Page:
“We know attendance is going to be very high. We’re excited about it, but with that comes challenges.”
Renata Simril, the Dodgers’ senior vice president for external affairs, said the organization is heavily promoting Dodger Express bus ridership and the new dedicated lane, including on Scully’s popular broadcasts.
She said the Dodgers have also made adjustments to make it quicker for motorists to get into the stadium parking lots. “Ambassadors” now walk down lines of waiting cars to accept parking payment. (They’re still accepting cash only, but by next season should be equipped with mobile devices that will allow them to take credit cards.)
In addition, the ballpark is opening half an hour earlier before games—at 4:30 p.m. for a 7:10 p.m. start.
“Every little bit helps,” Simril said. “We’re trying to take a multi-pronged approach.”
The Dodger Express buses, which are free to riders with a game ticket and $1.50 each way for other passengers, run on clean-burning compressed natural gas and are funded by a two-year, $1.1 million grant from a regional air pollution reduction committee.
City officials and the Dodgers are hoping that increasing express bus ridership will reduce the number of cars coming into the stadium, and the dedicated lane on Sunset is seen as an important tool in persuading people to hop aboard.
“Taking one lane away is going to impact people driving to the stadium,” Sahakian acknowledged, “but at the same time, you’re incentivizing mass transit.”
Looking at the long-term picture, though, Sahakian thinks a bolder solution may be called for.
“My personal recommendation,” he said, “would be a monorail.”
March 14, 2013
First came the Orange Line, a dedicated busway in the San Fernando Valley that gives folks from Woodland Hills to North Hollywood a speedy alternative to local bus lines or traffic on the 101. Ridership on the line continues to surge, and an extension to Chatsworth opened last June.
Now the focus shifts eastward. The East San Fernando Valley Corridor project, to be routed along Van Nuys Boulevard and San Fernando Road, is about to enter its environmental review phase.
“The Van Nuys corridor is the most heavily traveled north-south route in the San Fernando Valley, with about 25,000 boardings per day,” said Walt Davis, manager of the Metro project. “There is a need for a premium service to serve those people.”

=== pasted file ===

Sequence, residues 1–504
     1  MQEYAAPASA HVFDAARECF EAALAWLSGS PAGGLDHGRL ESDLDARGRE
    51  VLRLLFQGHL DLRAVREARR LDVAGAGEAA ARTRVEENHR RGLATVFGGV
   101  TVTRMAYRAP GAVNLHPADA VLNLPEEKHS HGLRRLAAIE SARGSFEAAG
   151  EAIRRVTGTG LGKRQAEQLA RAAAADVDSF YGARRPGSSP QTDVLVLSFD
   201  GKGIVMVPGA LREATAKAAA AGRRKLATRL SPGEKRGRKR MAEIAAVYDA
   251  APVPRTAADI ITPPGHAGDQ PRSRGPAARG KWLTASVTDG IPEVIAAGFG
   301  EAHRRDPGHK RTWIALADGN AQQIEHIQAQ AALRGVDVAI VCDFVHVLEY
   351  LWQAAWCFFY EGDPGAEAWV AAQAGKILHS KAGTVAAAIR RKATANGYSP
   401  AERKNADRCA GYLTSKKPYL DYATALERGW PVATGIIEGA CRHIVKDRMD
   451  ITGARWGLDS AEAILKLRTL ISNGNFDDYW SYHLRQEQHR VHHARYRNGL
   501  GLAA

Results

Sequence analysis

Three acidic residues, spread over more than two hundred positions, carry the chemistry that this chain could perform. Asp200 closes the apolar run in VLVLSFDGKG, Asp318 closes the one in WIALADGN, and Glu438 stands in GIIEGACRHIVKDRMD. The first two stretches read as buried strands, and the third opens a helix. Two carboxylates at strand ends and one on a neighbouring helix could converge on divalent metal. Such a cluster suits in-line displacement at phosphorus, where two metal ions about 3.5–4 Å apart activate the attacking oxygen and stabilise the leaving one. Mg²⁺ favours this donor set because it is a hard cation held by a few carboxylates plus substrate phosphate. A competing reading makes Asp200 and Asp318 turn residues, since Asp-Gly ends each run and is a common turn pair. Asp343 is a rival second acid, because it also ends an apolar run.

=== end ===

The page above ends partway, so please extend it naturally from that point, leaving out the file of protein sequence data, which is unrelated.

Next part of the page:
During the environmental review phase, plans for the project will be studied in greater detail and refined. This Saturday, Metro will hold the first of four meetings to present the options as they now stand, and take feedback and comments.
“It’s a chance to better define the scope of what we’ll be looking at and for the public to tell us what their concerns and needs are,” Davis said.
Two alternatives will be studied. One is a light rail option and the other is a bus rapid transit line similar to the Orange Line. Either choice would go along Van Nuys Boulevard and San Fernando Road between Ventura Boulevard and the Sylmar/San Fernando Metrolink station. (Click here for a map of the light rail alternative and here for a map of the rapid bus alternative, which includes several sub-options south of the Orange Line). The line is scheduled to begin operating in 2018.
The rail alternative is projected to generate more riders, and it also comes with a higher price tag, somewhere between $1.8 billion and $2.3 billion. The rapid bus option is projected to cost between $250 million to $500 million. Currently, only about $170 million is dedicated to the project, so more funding would need to be lined up in either case.
In addition to serving immediate neighborhoods, which include shopping centers, schools, health care facilities and civic centers, the line will provide a fast link to other transit options. It will connect to Metrolink stations in Van Nuys and San Fernando as well as to the Orange Line, which in turn links to the Red Line and the rest of the Metro rail system. The south terminus of the line will be designed to connect to a future line between the Valley and the Westside that is under study.
The public meetings will take place at the following times and locations:
- Saturday, March 16, 10 a.m. to 12 p.m. at Panorama High School, 8015 Van Nuys Boulevard
- Tuesday, March 19, 6 p.m. to 8 p.m. at the City of San Fernando Regional Pool Facility, 208 Park Avenue
- Thursday, March 21, 6 p.m. to 8 p.m. at Arleta High School, 14200 Van Nuys Boulevard
- Wednesday, March 27, 4 p.m. to 6 p.m. at Marvin Braude Constituent Service Center, 6262 Van Nuys Boulevard
In addition to the meetings, Metro for the first time will accept formal comments on social media. Go to the project’s Facebook page and click on “Submit Scoping Comments” or tweet to @EastSFVTransit using the hashtag #ESFVScoping to take advantage of this option. Formal comments may also be mailed to Metro or submitted by email to firstname.lastname@example.org.
February 21, 2013
It’s available at the corner coffee shop, the public library and LAX. But cell phone and wireless service on the L.A. subway? Sorry, wrong number.